Friday, May 26, 2017

Book Review: Underground Fugue

A member of my book club recommended this title because it was written by a friend of hers. Underground Fugue really got me thinking about how writing books can be akin to writing music. Divided into seven chapters, the story sings out from multiple voices shedding light on relationships, identity, and loss. The author, Margot Singer, skillfully weaves the perspectives of her tale like passages of music in a fugue, quite an artistic endeavor.

Moreover, I loved how the title played out in the story on so many levels. "Underground" can refer to several ideas: 1) beneath the surface of the earth; 2) secret or hidden; and 3) a subway system. It also comes through in the myriad of emotions plunged beneath the surface by individuals unwilling to face them head on. In the same way, fugue can mean "a musical form or composition designed for a definite number of instruments or voices in which a subject is announced in one voice and then developed contrapuntally in strict order by each of the other voices" or it can follow the psychiatric meaning of "a state of psychological amnesia during which the subject seems to behave in a conscious and rational way, although upon return to normal consciousness he cannot remember the period of time nor what he did during it; temporary flight from reality." (Webster's)

Fleeing the tragic death of her young son and the concomitant dissolution of her marriage, Esther arrives in London to care for her dying mother. Unable to sleep on the first night, she takes to the porch for a smoke and is intrigued to notice a college-aged boy slipping into the neighbor's house in the middle of the night, covered in mud. She is immediately curious and suspicious, but doesn't let on when she first meets the boy's father, Javad, an Iranian neuroscientist. Javad seems to know as little about his son as Esther does. Javad and Esther's developing relationship is threatened when a terrorist attack occurs and the boy goes missing.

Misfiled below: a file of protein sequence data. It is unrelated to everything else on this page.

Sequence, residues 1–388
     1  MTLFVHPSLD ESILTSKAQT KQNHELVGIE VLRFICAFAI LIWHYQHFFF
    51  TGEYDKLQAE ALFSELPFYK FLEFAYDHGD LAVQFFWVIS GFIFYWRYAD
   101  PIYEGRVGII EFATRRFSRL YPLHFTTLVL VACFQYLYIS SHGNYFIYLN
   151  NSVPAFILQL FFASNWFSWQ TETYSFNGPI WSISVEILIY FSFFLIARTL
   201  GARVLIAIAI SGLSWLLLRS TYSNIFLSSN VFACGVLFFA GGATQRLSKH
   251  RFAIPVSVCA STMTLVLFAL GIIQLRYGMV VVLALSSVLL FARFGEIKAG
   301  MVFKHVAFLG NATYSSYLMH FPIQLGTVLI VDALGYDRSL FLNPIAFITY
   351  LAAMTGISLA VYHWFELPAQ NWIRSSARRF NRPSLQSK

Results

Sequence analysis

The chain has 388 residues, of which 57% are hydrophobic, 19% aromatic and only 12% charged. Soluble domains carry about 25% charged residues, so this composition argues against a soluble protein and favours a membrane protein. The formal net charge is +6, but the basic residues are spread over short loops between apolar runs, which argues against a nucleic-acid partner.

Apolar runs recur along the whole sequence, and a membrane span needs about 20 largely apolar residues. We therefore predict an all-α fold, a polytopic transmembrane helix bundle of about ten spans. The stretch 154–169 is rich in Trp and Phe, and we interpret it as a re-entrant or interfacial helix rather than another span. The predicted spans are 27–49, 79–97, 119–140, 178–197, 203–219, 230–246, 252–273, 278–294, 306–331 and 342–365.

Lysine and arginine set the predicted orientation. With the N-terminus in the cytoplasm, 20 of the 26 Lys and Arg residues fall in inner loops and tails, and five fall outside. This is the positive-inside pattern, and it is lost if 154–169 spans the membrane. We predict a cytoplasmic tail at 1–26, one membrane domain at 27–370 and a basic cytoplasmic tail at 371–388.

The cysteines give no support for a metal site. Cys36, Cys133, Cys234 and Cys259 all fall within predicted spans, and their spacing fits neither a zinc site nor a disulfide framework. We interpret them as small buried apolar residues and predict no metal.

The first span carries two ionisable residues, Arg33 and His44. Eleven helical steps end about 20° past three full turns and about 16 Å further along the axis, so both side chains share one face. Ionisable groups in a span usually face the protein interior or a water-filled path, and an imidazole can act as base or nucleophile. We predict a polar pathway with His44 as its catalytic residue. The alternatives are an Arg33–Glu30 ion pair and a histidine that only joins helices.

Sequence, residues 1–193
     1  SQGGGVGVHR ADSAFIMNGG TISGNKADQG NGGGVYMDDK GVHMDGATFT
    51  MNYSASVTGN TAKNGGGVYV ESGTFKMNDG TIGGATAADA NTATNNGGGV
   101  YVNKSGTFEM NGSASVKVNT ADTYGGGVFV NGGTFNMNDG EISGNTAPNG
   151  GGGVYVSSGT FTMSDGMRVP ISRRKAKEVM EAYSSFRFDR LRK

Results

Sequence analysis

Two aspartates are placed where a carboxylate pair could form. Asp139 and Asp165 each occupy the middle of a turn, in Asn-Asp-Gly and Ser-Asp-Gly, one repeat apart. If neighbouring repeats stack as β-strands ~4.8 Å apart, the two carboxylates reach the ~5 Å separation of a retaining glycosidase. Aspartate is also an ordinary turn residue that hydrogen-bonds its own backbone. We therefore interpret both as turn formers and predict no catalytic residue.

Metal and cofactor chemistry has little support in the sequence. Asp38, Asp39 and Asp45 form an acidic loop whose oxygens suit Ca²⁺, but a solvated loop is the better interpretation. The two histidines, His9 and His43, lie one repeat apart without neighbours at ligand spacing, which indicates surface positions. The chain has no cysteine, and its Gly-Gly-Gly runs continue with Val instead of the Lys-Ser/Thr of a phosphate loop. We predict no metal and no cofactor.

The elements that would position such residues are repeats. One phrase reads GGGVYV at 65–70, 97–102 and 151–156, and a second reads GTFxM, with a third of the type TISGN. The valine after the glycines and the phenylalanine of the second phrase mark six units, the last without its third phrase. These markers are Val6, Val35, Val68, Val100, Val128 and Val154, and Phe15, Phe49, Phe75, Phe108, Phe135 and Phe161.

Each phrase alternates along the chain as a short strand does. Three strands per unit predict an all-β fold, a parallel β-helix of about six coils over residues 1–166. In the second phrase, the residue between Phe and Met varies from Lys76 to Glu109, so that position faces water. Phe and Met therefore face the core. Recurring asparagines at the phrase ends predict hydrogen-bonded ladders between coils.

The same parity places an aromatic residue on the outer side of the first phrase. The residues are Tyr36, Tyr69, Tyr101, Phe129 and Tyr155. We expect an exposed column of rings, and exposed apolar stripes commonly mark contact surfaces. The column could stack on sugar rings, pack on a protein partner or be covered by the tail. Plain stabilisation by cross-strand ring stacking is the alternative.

Woven among the stories of the main characters is a subtext of a factual story about a man who washed up on a beach in England in early 2005 wearing a suit and tie. This man, dubbed "The Piano Man," was an outstanding pianist, yet would not, or could not, say a word about his identity (see this NPR article). The inner workings of the brain have always fascinated me, so I was especially drawn to the neuroscientist character. Javad is called in to consult on the case of "The Piano Man." He cannot tell if the amnesia and aphasia (language impairment) are due to brain injury or voluntarily affected. The mystery surrounding this man serves as a counterpoint to the mystery festering among the main characters.

My heart also ached for Esther and the onslaught of loss she weathers. As she reflects on the structure of the fugue performed by a pianist in a recital, she observes, "Its variations make connections between seemingly unlike things and reveal the ways in which the new is recreated out of the material of the old. It shows us how the present is always in conversation with - in counterpoint with - the past." Thus, Esther deals with the reverberations of fallout from her own troubled past.

Truly, the writing sings. In a passage told from the perspective of Esther's dying mother, the author writes, "Time has a different rhythm now. Days and nights bleed together as she drifts in and out of sleep.... Time dilates and contracts. In the stillness of the afternoons, or late at night, the sound of the piano rises through the floorboards.... The notes like fractals, a filigree of counterpoint.... Music for the beginning and the end of time."

The author reveals, in the acknowledgments, the germ of her idea (that NPR piece on the "Piano Man") and the painstaking effort to create a worthy manuscript ("many drafts and many years"). I was blown away when she admitted to having discarded the project's earliest draft. I cannot even imagine! But, I am thrilled that she persisted because her work paid off to produce a beautiful, lyrical novel. A deep sense of grief stuck with me long after I put the book down. My mind continues to lick over ideas of identity and relational friction. Just as music evokes emotion, this melodious novel stirs the heart to feel and the mind to think.

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